Hossam, Bassem and other young boys scavenging for metal in the brutal summer heat sell their finds for a few dollars to provide for their families.
"We start early in the morning, and sometimes we work until it gets dark," says Hossam. "Sometimes we make 10,000 dinar, sometimes 5,000, sometimes just a thousand."
Like many Moslawis (as Mosul natives are called), the boys' father was a civil servant when ISIL stormed the city. When the government stopped sending money to Mosul, he lost his salary. The family was struggling to make ends meet even before Iraqi forces cut off Mosul from the outside world, driving up food prices, and their house was destroyed in the fighting. They are still waiting for Baghdad to reinstate his father’s salary, says Hossam.
Some reconstruction is under way in the city. Work has begun on repairing water pipes that lie smashed at the bottom of bomb craters torn into roads leading through west Mosul. The bustling markets and bright lights of new shops lining busy streets in east Mosul show that private enterprise has thrived in the aftermath of the battle, cushioning the government's tardy response.
But the destruction on the west bank is much heavier. Over 800,000 civilians were trapped on the west bank; the destruction of all the bridges that could allow for an escape meant that they remained stuck.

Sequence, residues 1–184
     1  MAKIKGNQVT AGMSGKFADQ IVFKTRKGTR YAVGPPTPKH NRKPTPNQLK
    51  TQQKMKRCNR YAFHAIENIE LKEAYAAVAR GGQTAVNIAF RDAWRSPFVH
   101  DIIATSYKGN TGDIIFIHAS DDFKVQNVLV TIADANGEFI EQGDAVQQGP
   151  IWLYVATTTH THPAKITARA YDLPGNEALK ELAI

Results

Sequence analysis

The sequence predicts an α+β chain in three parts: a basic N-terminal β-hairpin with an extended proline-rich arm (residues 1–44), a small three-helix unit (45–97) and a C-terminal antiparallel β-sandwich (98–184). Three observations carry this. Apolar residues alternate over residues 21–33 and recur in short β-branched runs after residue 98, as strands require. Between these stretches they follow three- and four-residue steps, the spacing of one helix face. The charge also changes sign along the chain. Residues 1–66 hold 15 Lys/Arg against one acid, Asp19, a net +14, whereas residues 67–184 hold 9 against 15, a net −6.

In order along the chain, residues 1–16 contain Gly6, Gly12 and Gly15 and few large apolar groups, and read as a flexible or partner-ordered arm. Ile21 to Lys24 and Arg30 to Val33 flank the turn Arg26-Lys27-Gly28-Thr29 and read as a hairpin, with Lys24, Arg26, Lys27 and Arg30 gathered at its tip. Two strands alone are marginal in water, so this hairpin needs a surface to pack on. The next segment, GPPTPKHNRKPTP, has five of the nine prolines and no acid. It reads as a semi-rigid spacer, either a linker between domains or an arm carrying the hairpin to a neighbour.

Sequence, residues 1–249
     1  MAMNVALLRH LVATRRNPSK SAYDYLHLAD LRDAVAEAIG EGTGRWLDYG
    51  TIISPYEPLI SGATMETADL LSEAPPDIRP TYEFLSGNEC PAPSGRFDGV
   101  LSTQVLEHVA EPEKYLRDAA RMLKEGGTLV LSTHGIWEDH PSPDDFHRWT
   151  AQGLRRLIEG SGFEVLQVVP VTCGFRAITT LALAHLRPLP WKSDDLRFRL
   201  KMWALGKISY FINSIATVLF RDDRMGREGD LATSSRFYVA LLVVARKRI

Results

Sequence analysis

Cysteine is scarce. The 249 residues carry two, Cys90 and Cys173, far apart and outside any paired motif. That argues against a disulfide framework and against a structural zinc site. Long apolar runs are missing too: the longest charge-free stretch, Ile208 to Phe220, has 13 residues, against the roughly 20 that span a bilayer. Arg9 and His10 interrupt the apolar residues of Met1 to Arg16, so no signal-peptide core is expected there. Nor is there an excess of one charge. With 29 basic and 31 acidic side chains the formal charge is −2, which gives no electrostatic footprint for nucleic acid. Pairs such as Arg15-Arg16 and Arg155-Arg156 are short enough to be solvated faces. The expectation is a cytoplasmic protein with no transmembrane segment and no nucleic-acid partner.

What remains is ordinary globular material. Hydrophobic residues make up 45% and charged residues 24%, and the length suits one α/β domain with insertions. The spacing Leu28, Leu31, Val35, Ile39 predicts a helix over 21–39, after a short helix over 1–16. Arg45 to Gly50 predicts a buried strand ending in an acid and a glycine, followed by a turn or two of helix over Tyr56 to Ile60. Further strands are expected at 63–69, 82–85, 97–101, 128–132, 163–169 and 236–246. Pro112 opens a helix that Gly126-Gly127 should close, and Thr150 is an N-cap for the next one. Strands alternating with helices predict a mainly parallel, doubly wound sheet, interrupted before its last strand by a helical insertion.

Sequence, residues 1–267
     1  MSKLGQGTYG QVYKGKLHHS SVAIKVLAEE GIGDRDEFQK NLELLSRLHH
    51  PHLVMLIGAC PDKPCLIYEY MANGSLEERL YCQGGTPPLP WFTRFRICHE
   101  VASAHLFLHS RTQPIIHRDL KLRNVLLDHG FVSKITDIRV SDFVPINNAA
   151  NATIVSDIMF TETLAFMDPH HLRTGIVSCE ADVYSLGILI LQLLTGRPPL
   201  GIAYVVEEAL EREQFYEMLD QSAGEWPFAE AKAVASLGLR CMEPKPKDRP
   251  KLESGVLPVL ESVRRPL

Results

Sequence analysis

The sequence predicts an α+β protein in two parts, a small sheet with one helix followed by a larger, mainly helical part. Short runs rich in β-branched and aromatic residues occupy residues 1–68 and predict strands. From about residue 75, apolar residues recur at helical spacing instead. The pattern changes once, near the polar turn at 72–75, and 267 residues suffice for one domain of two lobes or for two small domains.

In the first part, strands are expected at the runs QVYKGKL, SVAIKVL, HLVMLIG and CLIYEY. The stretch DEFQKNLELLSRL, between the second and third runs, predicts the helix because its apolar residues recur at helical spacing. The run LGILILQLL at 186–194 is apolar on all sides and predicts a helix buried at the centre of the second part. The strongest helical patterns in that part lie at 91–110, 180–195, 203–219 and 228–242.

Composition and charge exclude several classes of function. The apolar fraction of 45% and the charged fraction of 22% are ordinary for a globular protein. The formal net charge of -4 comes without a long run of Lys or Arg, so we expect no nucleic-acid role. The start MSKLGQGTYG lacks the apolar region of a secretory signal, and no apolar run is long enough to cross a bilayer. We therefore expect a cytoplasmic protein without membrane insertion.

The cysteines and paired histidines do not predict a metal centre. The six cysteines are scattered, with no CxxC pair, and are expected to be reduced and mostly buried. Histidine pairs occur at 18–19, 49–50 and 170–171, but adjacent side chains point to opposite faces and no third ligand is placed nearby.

The old city was both heavily congested and witnessed bloody street battles. As ISIL fighters hid in underground tunnels thousands of meters long, and the international coalition escalated air strikes from the air, destruction levels reached new heights. West Mosul had suffered from armed gangs and Al Qaeda affiliates for close to a decade, that side of the river.
Neglect of Iraq's Sunnis under former prime minister Nouri Al Maliki fostered the rise of ISIL, both in providing a security vacuum and leaving some disenfranchised young men to be lured by militants.
Further neglect could pave the way to a resurgence of the terror group, whose dense network of cells challenged government control even before the collapse of security forces in the face of the militants' advance in 2014.
Experts believe there is time for the government to prevent the city from slipping from its control again.